Obeying God and Obeying God’s Servants: Five Truths from 1 Peter 2:13–17 (pt. 2)

IMG_9704

In obedience to God, we gather and sing and testify to the risen Lord.

Yesterday, I began a two-part series on 1 Peter 2:13–17. I am trying to answer the question, What does submitting to governing authorities looks like? Especially, what does submitting to governing authorities look like when they are ruling in ways that oppose God and God’s Word? Previously, I have tackled this subject in Romans 13 (see herehere, and here),, but now I am considering the text of 1 Peter 2.

Yesterday, I began by parsing out the fact that submitting to governors means putting God first and obeying earthly rulers as an application of obeying God. Conversely, we do not define doing good as obedience to our governors (full stop). Rather, we are called to consider what the good is from the unchanging and ever-authoritative Word of God. Then, in obedience to God, we promote the good by obeying good laws. And lest it go unsaid, the goodness of the law is decided by God’s standards, not my personal preferences. I am not advocating a hedonistic approach to ethics: “Just do what feels good.” No, we must obey laws that pinch our desires. That being said, to do the good we will at times need to resist tyrants when they enforce laws, rules, and regulations that directly defy the commands of Scripture or lead us to violate our conscience in following God.

That’s where this argument started yesterday. We must put God first. Today, I will flesh out the idea of God’s preeminence by looking in more detail at 1 Peter 2:13–17. In his letter to the elect exiles of Asia Minor, Peter has much to say about obeying the emperor and governors. And when we read his words in the context of his whole letter, and apply them to our own situations, we will gain much wisdom for walking well with the Lord. To that end, let’s look at five truths about obeying God and obeying God’s servants. Continue reading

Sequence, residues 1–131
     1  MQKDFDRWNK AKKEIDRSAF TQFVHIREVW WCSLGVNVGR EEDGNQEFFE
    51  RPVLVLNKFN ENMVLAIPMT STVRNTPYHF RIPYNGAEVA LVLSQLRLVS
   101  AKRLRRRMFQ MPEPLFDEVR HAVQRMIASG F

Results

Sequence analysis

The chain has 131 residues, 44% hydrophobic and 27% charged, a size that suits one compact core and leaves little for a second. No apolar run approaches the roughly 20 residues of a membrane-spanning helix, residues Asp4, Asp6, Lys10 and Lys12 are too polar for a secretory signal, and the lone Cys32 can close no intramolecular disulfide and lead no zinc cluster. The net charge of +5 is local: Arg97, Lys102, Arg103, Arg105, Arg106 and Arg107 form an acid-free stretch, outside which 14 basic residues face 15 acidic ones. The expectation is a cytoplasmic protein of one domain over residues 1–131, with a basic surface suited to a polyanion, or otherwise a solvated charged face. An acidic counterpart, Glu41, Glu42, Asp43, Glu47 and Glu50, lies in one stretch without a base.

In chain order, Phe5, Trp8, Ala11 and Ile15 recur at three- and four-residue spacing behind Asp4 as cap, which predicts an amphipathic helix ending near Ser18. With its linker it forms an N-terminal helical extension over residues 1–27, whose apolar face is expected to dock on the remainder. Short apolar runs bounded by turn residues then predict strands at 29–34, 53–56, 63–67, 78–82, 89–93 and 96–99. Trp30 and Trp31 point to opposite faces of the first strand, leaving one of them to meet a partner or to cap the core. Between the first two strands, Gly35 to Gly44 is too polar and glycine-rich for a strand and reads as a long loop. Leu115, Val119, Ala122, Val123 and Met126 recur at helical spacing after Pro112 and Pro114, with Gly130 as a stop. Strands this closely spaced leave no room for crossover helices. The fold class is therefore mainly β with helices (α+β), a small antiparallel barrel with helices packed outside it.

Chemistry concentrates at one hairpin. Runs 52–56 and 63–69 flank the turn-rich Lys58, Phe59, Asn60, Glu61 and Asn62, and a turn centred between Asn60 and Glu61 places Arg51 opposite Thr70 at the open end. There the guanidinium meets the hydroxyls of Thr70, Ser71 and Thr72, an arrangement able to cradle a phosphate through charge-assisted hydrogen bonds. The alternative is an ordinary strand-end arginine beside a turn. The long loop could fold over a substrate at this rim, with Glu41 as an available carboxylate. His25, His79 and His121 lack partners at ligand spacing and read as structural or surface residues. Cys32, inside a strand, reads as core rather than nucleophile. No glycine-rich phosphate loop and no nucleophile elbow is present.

Obeying God and Obeying God’s Servants: Five Truths from 1 Peter 2:13–17 (pt. 1)

83554468-gracelife_4406-w

Photo Credit: Greg Southam / Postmedia in The Edmonton Journal

Ever since writing on the harm of endless masking, teaching on the limits of Romans 13 (see here, here, and here), and considering how Levitical instructions about quarantine laws might help us think wisely about social distancing and sheltering at home, I’ve received numerous emails expressing deep sorrow for the ways churches have responded to Covid-19. With any such email, I always want to affirm the authority of the local church and her elders, as well as admitting the challenges faced by every church and my inability to speak to the inner workings of another church’s decisions. The problems our church faces are the not the problems that your church faces, and vice versa. Still, across the board, it does seem that one abiding problem that divides many evangelicals is how they understand passages that instruct obedience to governing authorities.

Most recently, a brother asked if our church had preached on 1 Peter 2:13–17. To date, we have not, but going through 1 Peter right now, we will—this weekend, in fact. Thus, leading up to that message, I want to consider again how that passage teaches us to think about the Christian’s obligation to render to Caesar the things that are Caesar’s (see Mark 12:17), or as Peter puts it, to submit to every governing authority (v. 13) and to honor the emperor (v. 17).

Notably, Peter’s instructions are set in a context quite different than Christians in North America, and his words arise from an historical letter, the context of which we must remember in order to get the sense of his instructions regarding the state. So before making five points from the text, let me make a couple preliminary remarks.

Four Notes About the Context of 1 Peter

First, Peter addresses emperors and various governors. Obviously, we do not have emperors, but elected officials. So we must make applications accordingly, including the fact that in a democratic republic the people play a role in governance.

Second, we currently do not have the threat of persecution like the early church did, but neither do we possess the freedoms that we once did to exercise our faith without concern. James Coates’ arrest, the ongoing intimidation tactics of Canada’s health officials (see photo above), the meddling of governors instructing churches how to order their worship, and the need for the Supreme Court to weigh in on churches gathering (see here and here) remind us that religious liberty is on shaky ground.